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March 1943, Vaughn, New Mexico. A member of the 5001 Class Atchison, Topeka and Santa Fe Railroad freight Texas Type locomotives about to leave on the run to Clovis, New Mexico

Under the Whyte notation for the classification of steam locomotives, a 2-10-4 locomotive has two leading wheels, ten driving wheels (in other words, five driven axles), and four trailing wheels. These were referred to as the "Texas" type in most of the United States, the "Colorado" type on the Burlington Route and the "Selkirk" type in Canada.

Other equivalent classifications are:

This locomotive type can either be viewed as a 2-10-2 "Santa Fe" type with an enlarged firebox requiring the larger trailing truck, or a longer 2-8-4 "Berkshire" type requiring extra driving wheels to fit within axle loading limits. Indeed, examples of both of those evolutionary progressions can be found.

Contents

Santa Fe 3829

The Atchison, Topeka & Santa Fe Railway took delivery of locomotive 3829 from the Baldwin Locomotive Works in 1919, a member of the 3800 class of 2-10-2s fitted with a four wheel trailing truck. Nearly 100 more 3800 class locomotives were delivered after 3829, all with the 2-10-2 wheel arrangement. 3829 was used by the Santa Fe as an experimental locomotive.[1] Photographs exist that show 3829 fitted with at least two different four wheel trailing truck designs through the years. No additional members of the 3800 class have been documented with four wheel trailing trucks and 3829 was scrapped in 1955 with a four wheel trailing truck.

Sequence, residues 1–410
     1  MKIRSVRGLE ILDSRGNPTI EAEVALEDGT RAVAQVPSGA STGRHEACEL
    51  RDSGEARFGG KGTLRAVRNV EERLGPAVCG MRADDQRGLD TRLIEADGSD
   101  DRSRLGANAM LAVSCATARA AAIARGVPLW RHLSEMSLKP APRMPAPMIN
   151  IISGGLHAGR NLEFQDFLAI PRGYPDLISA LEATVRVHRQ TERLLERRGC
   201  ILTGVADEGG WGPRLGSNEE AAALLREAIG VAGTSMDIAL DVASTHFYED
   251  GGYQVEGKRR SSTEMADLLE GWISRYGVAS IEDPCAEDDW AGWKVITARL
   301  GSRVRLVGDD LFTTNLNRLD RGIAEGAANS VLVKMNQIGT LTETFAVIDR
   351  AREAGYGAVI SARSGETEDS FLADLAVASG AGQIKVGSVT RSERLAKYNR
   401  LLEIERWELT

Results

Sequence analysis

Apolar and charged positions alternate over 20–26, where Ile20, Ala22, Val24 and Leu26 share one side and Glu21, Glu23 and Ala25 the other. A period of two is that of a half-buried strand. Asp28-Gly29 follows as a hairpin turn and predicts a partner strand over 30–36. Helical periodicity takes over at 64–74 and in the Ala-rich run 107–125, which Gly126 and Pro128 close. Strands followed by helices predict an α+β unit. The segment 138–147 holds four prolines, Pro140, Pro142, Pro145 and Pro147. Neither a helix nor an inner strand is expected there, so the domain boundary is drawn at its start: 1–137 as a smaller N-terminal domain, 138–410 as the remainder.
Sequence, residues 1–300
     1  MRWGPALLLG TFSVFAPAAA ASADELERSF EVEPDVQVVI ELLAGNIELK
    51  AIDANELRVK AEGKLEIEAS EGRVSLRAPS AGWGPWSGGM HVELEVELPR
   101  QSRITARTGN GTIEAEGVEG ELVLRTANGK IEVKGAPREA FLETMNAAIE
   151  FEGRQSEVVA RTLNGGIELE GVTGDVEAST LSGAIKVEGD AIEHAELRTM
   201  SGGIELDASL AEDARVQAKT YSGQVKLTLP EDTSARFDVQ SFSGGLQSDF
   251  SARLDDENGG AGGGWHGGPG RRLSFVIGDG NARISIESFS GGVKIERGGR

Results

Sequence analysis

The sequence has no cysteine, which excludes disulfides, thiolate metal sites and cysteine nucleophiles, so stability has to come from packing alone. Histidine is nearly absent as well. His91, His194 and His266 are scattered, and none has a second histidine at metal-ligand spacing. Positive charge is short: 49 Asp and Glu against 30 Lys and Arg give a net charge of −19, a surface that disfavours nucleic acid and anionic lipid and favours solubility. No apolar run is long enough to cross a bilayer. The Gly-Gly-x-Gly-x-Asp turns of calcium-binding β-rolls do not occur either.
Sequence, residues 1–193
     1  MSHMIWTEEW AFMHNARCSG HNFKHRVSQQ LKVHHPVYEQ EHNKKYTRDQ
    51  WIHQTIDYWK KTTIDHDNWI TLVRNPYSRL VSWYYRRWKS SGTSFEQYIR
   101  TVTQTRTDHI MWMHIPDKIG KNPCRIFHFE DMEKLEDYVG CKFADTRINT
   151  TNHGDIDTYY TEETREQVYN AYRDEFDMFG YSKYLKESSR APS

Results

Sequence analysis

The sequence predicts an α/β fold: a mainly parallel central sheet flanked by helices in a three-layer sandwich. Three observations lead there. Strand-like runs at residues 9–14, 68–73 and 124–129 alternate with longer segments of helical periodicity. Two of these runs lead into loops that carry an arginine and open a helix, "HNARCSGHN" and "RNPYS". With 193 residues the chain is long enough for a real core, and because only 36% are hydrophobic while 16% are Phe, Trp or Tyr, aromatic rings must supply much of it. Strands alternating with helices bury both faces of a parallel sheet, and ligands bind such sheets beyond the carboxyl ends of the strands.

Lima revives the 2-10-4

The 2-10-4 type was revived in 1925 by the Lima Locomotive Works, and this time it was an expansion of the 2-8-4 "Berkshire" type that Lima had pioneered. The four-wheel trailing truck allowed a much larger firebox and thus a greater ability to generate heat (and thus steam) - the Superpower design, as Lima's marketing department called it, meant for a locomotive that could develop great power at speed and not run out of steam-generating ability. A version of the Berkshire with ten driving wheels instead of eight was an obvious development, and the first delivered were to the Texas and Pacific Railway, after which the type was named.